“Sod the wine, I want to suck on the writing. This man White is an instinctive writer, bloody rare to find one who actually pulls it off, as in still gets a meaning across with concision. Sharp arbitrage of speed and risk, closest thing I can think of to Cicero’s ‘motus continuum animi.’

Probably takes a drink or two to connect like that: he literally paints his senses on the page.”

DBC Pierre (Vernon God Little, Ludmila’s Broken English, Lights Out In Wonderland ... Winner: Booker prize; Whitbread prize; Bollinger Wodehouse Everyman prize; James Joyce Award from the Literary & Historical Society of University College Dublin)





13 November 2016


Schöfferhofer Hefeweizen Premium Cloudy Wheat Beer 
($5:40 500mL; 5% alcohol; crown seal)

Wheat beer? First, let's consult Mohammed ibn Zakariya al Razi, Arabic medical writer (865-925AD), who with excellent precision advised that "Ale, especially that made from barley, clogs the sinews, causes headache and congestion of the head, yet it overstimulates the action of the kidneys, and, when drunk to excess, lowers the temperature. That, however, which is brewed from wheat, and is flavoured with mint and parsley, is judged better for everybody."

Pardon my stutter: that quote has long sat in the right hand column here. It consoles me.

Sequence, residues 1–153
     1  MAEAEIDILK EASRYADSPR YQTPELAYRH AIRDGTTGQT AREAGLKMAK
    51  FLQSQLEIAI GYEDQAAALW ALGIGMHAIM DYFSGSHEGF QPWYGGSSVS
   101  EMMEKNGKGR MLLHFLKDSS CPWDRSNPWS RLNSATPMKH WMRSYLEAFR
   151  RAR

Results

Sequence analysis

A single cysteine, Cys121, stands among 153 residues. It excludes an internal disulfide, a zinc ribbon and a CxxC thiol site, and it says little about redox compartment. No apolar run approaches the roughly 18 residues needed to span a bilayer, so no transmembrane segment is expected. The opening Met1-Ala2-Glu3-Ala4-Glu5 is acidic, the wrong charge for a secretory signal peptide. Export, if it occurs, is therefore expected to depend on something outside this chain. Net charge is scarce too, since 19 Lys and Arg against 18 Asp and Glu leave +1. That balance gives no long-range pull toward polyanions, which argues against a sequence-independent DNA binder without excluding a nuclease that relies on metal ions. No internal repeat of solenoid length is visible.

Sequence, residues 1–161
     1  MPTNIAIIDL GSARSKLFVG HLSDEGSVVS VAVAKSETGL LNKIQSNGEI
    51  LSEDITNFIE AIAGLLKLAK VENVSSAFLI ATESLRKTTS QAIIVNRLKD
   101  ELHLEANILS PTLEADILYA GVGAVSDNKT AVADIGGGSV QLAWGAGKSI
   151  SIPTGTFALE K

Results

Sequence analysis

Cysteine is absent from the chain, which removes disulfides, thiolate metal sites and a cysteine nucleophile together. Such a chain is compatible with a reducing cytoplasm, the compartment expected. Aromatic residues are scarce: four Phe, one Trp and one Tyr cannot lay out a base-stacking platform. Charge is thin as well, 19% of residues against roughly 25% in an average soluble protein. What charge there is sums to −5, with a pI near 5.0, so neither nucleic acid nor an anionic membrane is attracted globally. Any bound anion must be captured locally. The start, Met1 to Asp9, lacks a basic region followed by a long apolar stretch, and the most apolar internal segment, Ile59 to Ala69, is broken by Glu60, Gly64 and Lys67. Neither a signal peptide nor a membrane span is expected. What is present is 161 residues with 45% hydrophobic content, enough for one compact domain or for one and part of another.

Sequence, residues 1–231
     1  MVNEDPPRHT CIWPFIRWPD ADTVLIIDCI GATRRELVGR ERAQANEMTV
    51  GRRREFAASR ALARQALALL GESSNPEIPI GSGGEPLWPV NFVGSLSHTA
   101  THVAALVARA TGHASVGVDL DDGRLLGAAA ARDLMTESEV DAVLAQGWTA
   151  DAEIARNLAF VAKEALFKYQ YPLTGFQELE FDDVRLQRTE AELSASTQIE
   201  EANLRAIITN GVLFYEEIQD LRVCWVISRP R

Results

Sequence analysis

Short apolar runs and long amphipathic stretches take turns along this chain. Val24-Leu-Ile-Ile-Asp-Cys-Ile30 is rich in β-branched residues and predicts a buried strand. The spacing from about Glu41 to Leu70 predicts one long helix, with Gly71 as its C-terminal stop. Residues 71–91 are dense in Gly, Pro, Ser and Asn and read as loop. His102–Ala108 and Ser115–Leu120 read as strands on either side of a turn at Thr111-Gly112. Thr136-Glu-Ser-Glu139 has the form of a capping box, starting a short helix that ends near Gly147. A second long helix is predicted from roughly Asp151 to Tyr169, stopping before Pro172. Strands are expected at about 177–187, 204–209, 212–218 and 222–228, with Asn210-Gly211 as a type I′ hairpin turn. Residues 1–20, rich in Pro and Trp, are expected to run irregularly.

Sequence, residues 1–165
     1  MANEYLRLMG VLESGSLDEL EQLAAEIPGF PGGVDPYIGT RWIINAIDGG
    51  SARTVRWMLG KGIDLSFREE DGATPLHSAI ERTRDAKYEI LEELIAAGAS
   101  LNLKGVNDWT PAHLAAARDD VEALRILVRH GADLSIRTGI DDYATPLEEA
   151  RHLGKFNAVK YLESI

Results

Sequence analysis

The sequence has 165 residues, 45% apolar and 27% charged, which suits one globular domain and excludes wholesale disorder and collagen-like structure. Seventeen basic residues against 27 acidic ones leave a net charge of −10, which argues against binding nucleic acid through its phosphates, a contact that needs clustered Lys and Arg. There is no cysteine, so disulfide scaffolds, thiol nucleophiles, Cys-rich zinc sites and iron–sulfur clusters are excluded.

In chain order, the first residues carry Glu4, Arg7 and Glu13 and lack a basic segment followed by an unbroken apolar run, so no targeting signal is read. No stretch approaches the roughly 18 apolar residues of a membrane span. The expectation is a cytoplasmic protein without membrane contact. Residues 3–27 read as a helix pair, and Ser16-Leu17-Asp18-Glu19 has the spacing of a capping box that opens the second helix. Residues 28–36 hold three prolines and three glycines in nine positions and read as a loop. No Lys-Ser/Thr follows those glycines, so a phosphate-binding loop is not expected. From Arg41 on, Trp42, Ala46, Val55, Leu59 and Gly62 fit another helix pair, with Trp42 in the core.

Wheat malt, a small addition of barley malt, hops, yeast and water. Nothing else. No flocculants. No additives. Sounds terribly simple. And simple this Frankfurt perfection is, in a pristine and innocent way.

I pour it to ensure it has a lovely thick head, creamy and moussey enough to support the thinnest sliver of lemon. This is not to disguise its flavour, as is necessary with certain central American suds, but to enhance the beer's lovely pithy freshness: while its overwhelming air is along the lines of your ripening wheatfield after a gentle sunshower, it also has a disarming lemony freshness about it, with some other alluring fruity esters of the tropical sort. (Yep, these include the popularly-reported banana, which the the easy critic's way around it, but there's more in here than that.) That lemon slice is purely an aroma toy: you should be able to drink your pint without the slice ever actually touching the beer, but remaining supported by the head.

And yes, it works deliciously with a leaf of mint or parsley instead. Or just plain nude.

You don't really need anything other than the beer.

To drink, it's not as thick as its cloudiness would hint: it is indeed an uplifting, bright and fresh zephyr of a bevvy.

I don't drink much beer, but I promise a six-pack of this gloriousness never lasts long at Casa Blanca. You can somethimes get it discounted well below that advised price, too, which seems to improve the flavour no end. Perfect in this springtime weather.

But you know the old rule: don't drink beer in the sun. As Doc Razi concluded: "Still, in the case of persons exposed to the sun’s heat, in feverish conditions and sultry weather, its use is inadvisable."

In other words, if you're dying, water's probably better. But don't trust me. I don't yet know.

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